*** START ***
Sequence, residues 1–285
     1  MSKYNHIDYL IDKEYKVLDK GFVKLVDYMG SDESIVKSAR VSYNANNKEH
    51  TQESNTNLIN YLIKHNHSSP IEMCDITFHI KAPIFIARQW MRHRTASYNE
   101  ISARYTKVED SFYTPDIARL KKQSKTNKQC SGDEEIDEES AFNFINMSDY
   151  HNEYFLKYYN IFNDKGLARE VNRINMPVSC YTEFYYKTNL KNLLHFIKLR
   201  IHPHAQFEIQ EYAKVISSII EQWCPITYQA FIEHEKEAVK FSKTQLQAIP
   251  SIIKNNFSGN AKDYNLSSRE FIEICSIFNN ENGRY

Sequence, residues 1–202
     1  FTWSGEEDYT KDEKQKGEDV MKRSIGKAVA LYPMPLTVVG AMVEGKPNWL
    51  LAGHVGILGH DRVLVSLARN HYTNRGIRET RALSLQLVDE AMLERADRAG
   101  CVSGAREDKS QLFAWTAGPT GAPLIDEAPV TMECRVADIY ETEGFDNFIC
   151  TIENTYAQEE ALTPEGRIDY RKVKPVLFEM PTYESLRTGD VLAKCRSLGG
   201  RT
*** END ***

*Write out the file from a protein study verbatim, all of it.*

Sequence, residues 1–285
     1  MSKYNHIDYL IDKEYKVLDK GFVKLVDYMG SDESIVKSAR VSYNANNKEH
    51  TQESNTNLIN YLIKHNHSSP IEMCDITFHI KAPIFIARQW MRHRTASYNE
   101  ISARYTKVED SFYTPDIARL KKQSKTNKQC SGDEEIDEES AFNFINMSDY
   151  HNEYFLKYYN IFNDKGLARE VNRINMPVSC YTEFYYKTNL KNLLHFIKLR
   201  IHPHAQFEIQ EYAKVISSII EQWCPITYQA FIEHEKEAVK FSKTQLQAIP
   251  SIIKNNFSGN AKDYNLSSRE FIEICSIFNN ENGRY

Sequence, residues 1–202
     1  FTWSGEEDYT KDEKQKGEDV MKRSIGKAVA LYPMPLTVVG AMVEGKPNWL
    51  LAGHVGILGH DRVLVSLARN HYTNRGIRET RALSLQLVDE AMLERADRAG
   101  CVSGAREDKS QLFAWTAGPT GAPLIDEAPV TMECRVADIY ETEGFDNFIC
   151  TIENTYAQEE ALTPEGRIDY RKVKPVLFEM PTYESLRTGD VLAKCRSLGG
   201  RT